Law-Lights! Exo . Pressense says, that whatever opinions men may hold as to the integrity of that primitive witness, all must own that it contains pages in which one beholds, as it were, the reflection of the lustre which caused Moses's face to shine when he held converse with God. It has ever been the pious mind which has through the eyes beheld the chain of revelation and the long series of Divine manifestations gradually unwind themselves. Just as they that watch for the morning gaze out from the height of the tower, longing with inexpressible desire for the approach of dawn; so does religious consciousness cast glances of fire upon the horizon as she looks out for the Divine Sunrise. The whole of the Old Testament pants and throbs with this Divine yearning, and it also shows us the finger of God writing in the heart of man the great preparation for the Gospel. The angels ever

"Draw strength from gazing on its glance,

Though none its meaning fathom may;

The Word's unwithered countenance

Is bright as at Mount Sinai's day."

—Goëthe.

Christ and Exodus! Exo . Take that prism to-morrow and let the sun shine through it, and you will see marvels. The white pure light is divided into many colours. Even so, bring Christ and let His mediatorial glory pour its concentrated flood upon this prism in Exodus 34. Lo! glorious truths of Gospel grace shine with varied, vivid lustre. What glorious rays of saving, sanctifying beauty! We behold the glory of Christ in marvellous combination then in this Mosaic prism. Each ray may be contemplated in itself, but all blend in the glory of God our Saviour.

"Flooded with splendour bright and broad,

The glorious light of the Love of God."

Vision-Media! Exo .

(1.) We do not say to a person of diseased sight, Come out and look at the noonday sun. But we provide the coloured glass as the medium through which he may behold the brightness of the sun.

(2.) Israel could not gaze upon the glory of God, except through the media of rites and ceremonies, &c. The supernal splendour of a direct vision of God would only have dazzled their sight, and not illuminated their soul.

(3.) Under the Gospel, Christians have their media through which to behold the Divine glory. Christ the Son of Man, His words of tenderness and truth, His works of solace and sympathies; these are the coloured media through which we "gaze upon God."

"O Love! O Life! our faith and sight

Thy presence maketh one;

As through transfigured clouds of white

We trace the noonday sun.

"So, to our mortal eyes subdued,

Flesh-veiled, but not concealed,

We know in Thee the Fatherhood

And heart of God revealed."

Whittier.

Divine-Tribute! Exo .

(1.) Arrowsmith says, The sun shines by his own nature, the air only by participation of light from the sun. So whatever good the creatures have, is by derivation from Jehovah, the fountain of being. Take away the light of the sun, the air ceaseth to shine, and so it is here.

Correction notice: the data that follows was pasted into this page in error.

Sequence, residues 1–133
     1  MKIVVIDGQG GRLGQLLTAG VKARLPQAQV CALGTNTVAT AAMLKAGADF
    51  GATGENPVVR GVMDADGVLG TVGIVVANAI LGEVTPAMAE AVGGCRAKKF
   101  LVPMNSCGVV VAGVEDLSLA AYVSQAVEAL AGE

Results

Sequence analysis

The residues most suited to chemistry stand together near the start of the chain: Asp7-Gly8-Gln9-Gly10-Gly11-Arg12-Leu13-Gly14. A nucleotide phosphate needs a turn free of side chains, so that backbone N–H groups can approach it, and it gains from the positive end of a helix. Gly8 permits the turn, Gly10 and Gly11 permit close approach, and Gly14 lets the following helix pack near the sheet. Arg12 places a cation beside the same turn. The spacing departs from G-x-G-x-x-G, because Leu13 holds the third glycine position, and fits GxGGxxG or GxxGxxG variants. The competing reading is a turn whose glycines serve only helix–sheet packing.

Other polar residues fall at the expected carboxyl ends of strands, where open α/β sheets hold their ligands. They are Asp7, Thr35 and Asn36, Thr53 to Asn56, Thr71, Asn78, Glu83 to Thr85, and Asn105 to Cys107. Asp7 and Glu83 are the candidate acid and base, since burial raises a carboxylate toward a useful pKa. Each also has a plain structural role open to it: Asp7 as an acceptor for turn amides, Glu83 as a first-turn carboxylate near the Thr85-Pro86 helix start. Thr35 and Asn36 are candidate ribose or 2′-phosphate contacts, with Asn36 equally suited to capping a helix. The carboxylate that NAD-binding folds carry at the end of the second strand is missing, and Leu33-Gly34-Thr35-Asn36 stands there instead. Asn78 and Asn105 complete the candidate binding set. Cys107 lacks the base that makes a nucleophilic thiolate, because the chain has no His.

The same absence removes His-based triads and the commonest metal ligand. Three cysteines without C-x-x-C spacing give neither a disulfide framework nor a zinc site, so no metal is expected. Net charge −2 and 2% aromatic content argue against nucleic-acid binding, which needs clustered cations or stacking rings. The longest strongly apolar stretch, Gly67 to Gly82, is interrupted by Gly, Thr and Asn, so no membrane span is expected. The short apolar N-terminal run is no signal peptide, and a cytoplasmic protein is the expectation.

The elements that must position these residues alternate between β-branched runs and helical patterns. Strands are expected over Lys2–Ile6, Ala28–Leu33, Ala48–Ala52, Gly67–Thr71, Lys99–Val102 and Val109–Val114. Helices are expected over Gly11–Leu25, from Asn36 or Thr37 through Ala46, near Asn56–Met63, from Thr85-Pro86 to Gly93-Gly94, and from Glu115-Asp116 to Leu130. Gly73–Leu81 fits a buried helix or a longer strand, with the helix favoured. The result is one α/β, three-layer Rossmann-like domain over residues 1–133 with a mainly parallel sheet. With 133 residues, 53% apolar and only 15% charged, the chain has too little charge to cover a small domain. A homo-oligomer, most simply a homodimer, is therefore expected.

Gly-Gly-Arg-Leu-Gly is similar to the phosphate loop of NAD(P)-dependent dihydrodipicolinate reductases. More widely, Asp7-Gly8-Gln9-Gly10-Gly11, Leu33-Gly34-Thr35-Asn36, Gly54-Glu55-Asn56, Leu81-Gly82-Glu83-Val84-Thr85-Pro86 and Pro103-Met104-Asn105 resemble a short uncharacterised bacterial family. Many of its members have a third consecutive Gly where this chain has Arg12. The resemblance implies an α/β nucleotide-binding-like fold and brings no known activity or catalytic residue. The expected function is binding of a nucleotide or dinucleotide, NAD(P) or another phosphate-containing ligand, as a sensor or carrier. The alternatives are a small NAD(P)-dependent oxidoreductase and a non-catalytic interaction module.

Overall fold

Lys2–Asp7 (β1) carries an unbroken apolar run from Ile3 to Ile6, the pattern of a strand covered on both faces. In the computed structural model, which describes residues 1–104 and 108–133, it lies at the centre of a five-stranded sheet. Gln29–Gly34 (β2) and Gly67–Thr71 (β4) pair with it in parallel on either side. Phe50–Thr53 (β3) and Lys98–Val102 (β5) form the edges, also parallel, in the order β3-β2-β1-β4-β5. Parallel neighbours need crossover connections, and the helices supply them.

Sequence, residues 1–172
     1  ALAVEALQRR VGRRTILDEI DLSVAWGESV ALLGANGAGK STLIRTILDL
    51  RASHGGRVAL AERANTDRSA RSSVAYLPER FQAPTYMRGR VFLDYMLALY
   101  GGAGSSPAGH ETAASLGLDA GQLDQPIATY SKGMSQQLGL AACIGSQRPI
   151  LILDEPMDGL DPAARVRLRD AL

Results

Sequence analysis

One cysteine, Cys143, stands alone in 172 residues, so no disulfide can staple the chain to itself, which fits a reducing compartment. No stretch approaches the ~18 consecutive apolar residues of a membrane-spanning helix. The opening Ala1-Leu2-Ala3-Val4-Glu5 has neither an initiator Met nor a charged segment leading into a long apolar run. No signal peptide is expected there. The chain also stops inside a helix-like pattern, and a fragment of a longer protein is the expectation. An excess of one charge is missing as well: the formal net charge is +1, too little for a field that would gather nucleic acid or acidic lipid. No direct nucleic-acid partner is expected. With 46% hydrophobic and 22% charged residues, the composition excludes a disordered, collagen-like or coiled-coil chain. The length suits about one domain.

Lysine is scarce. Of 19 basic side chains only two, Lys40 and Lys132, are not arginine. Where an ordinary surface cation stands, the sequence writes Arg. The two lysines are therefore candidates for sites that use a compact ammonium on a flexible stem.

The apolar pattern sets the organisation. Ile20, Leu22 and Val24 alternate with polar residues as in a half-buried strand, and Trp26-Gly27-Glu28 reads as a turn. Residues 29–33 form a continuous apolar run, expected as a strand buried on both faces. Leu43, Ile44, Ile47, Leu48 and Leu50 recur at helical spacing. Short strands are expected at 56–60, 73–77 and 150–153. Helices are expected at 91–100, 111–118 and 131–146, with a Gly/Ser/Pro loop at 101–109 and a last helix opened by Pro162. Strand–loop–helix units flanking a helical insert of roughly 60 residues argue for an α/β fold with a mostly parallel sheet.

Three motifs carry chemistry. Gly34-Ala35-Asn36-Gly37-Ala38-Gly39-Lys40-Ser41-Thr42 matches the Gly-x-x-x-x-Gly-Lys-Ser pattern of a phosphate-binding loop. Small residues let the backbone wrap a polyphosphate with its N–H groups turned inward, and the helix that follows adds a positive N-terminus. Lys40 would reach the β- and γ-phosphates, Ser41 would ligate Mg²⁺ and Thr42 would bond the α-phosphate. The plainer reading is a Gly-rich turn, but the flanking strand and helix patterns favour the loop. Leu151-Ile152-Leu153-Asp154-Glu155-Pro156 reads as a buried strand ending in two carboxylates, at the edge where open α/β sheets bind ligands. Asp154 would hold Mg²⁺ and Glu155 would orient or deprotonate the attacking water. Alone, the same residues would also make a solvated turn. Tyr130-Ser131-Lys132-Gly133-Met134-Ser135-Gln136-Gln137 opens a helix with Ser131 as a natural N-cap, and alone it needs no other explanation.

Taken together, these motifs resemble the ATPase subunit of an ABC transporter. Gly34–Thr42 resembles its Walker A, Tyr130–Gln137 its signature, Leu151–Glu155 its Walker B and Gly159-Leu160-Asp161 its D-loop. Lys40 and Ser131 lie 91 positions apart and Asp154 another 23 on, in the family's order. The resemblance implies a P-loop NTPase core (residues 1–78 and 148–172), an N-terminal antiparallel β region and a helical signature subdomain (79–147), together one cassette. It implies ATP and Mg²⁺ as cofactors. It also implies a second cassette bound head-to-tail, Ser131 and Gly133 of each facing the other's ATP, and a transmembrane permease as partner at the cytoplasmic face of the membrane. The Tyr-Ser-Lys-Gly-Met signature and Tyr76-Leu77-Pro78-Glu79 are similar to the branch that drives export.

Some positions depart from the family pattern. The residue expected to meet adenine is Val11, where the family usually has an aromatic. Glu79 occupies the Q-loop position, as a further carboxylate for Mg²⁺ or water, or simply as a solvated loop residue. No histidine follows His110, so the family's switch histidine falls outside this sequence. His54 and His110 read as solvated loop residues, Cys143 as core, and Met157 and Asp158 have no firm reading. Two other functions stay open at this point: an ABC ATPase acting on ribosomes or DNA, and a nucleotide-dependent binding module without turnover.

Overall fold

(2.) Williams says, A right view of benefits received, of the source from whence they flow and of our own demerit, has a direct tendency to excite gratitude; and while the mind is influenced by sovereign grace this will be the pleasing effect.

(3.) The great ocean is in a constant state of evaporation. But there are men who do not believe in evaporation, i.e., in giving back to God of what they received from Him. They get and keep all they can; forgetting the duty of gratitude, overlooking the law of Divine tribute.

"I yield Thee back Thy gifts again,

Thy gifts which most I prize;

Desirous only to retain

The notice of Thine eyes."

Guyon.


Verses 27-32

MAIN HOMILETICS OF THE PARAGRAPH.—Exo

DIVINE REVELATION

Divine revelation is the communication by God to man of certain facts, doctrines, duties, for instruction, comfort, or practice, which would not otherwise have been discovered. Our text may be used as covering the whole revelation of God's character and will as contained in the Bible. We remark—

I. That Divine revelation is the result of Divine inspiration. "And He was there with the Lord." It is no human conjecture, however true. It is no inference, however correct, from existing facts; but information directly derived from the presence of Divine wisdom and Divine power.

II. That Divine revelation is made through a human medium. In some cases God has sent angels to communicate His truth; but even those communications have only reached the people through the appointed medium. We earn therefore—

1. That the inspired man is only the medium, and must not be treated as the revealer.

2. The way to account for variations of style and apparent discrepancies. The thought is God's, the words are man's.

III. That Divine revelation is infallible on the one hand, intelligible on the other.

1. Infallible.

(1) As regards authority. "All that the Lord had spoken to him." A most conspicuous fact in God's Word is, that inspired men disclaim all originality and speak "in the name of the Lord."

(2) As regards completeness. "All that the Lord had spoken." Inspired men claim to "declare all the counsel of God." The Book claims to be a revelation of "all things pertaining to life and godliness."